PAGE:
Virtual devices may also operate in a non-virtualized environment. For example, a virtual network adapter is used with a virtual private network, while a virtual disk device is used with iSCSI. A good example for virtual device drivers can be Daemon Tools.
There are several variants of virtual device drivers, such as VxDs, VLMs, and VDDs.
Solaris descriptions of commonly used device drivers:
A device on the PCI bus or USB is identified by two IDs which consist of 4 hexadecimal numbers each. The vendor ID identifies the vendor of the device. The device ID identifies a specific device from that manufacturer/vendor.
A PCI device has often an ID pair for the main chip of the device, and also a subsystem ID pair which identifies the vendor, which may be different from the chip manufacturer.
Devices often have a large number of diverse and customized device drivers running in their operating system (OS) kernel and often contain various bugs and vulnerabilities, making them a target for exploits.  Bring Your Own Vulnerable Driver (BYOVD) uses signed, old drivers that contain flaws that allow hackers to insert malicious code into the kernel. 
There is a lack of effective kernel vulnerability detection tools, especially for closed-source OSes such as Microsoft Windows  where the source code of the device drivers is mostly not public (open source)  and the drivers often also have many privileges.    
Such vulnerabilities also exist in drivers in laptops,  drivers for WiFi and bluetooth,   gaming/graphics drivers,  and drivers in printers.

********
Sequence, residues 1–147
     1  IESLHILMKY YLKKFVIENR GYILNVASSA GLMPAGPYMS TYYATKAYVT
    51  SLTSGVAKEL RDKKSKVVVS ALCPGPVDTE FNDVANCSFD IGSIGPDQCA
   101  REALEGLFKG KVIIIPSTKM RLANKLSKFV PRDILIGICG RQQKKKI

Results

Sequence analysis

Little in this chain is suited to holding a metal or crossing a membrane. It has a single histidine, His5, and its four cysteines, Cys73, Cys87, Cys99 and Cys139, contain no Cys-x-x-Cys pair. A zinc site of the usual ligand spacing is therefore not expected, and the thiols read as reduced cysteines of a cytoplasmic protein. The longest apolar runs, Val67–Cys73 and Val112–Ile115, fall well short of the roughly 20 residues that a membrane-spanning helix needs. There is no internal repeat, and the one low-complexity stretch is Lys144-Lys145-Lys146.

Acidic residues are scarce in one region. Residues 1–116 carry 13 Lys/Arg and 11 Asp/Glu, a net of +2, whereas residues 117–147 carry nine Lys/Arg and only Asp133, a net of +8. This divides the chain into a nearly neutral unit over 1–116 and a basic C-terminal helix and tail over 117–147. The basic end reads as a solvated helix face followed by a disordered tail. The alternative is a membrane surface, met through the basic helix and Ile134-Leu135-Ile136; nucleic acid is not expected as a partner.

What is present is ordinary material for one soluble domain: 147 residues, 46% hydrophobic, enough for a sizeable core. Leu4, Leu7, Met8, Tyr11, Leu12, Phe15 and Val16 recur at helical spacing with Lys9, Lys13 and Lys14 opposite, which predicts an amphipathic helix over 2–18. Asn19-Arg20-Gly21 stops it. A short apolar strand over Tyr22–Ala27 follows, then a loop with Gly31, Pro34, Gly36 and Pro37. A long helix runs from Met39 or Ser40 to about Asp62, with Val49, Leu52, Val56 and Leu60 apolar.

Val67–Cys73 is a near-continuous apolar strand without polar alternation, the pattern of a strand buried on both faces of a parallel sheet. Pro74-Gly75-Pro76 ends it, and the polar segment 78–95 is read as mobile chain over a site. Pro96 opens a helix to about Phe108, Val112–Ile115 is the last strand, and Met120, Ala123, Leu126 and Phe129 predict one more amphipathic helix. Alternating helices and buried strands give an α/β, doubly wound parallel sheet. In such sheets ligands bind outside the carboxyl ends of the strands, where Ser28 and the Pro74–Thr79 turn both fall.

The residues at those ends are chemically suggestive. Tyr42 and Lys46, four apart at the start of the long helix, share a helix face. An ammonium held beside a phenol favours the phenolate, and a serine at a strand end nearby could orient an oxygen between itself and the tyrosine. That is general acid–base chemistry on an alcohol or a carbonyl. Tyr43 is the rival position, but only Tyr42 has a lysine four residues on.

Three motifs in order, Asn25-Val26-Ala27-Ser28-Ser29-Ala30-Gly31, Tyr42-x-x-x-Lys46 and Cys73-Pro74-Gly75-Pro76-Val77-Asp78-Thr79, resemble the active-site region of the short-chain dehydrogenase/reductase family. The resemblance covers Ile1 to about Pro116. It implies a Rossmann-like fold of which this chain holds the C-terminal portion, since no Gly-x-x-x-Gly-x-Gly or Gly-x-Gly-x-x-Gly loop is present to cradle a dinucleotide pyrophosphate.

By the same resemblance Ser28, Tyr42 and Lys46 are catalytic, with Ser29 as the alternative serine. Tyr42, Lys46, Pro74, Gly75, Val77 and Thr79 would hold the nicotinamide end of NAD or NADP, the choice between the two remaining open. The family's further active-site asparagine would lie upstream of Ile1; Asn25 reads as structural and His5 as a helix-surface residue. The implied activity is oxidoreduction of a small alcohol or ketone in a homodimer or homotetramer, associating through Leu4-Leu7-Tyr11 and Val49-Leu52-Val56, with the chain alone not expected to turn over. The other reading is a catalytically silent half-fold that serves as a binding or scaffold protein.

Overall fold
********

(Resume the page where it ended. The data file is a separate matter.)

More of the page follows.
A group of security researchers considers the lack of isolation as one of the main factors undermining kernel security,  and published a isolation framework to protect operating system kernels, primarily the monolithic Linux kernel which, according to them, gets ~80,000 commits/year to its drivers.  
An important consideration in the design of a kernel is the support it provides for protection from faults (fault tolerance) and from malicious behaviours (security). These two aspects are usually not clearly distinguished, and the adoption of this distinction in the kernel design leads to the rejection of a hierarchical structure for protection. The mechanisms or policies provided by the kernel can be classified according to several criteria, including: static (enforced at compile time) or dynamic (enforced at run time); pre-emptive or post-detection; according to the protection principles they satisfy (e.g., Denning   ); whether they are hardware supported or language based; whether they are more an open mechanism or a binding policy; and many more.
An operating system (OS) is system software that manages computer hardware and software resources, and provides common services for computer programs.
In computing, the Windows Driver Model (WDM) – also known at one point as the Win32 Driver Model – is a framework for device drivers that was introduced with Windows 98 and Windows 2000 to replace VxD, which was used on older versions of Windows such as Windows 95 and Windows 3.1, as well as the Windows NT Driver Model.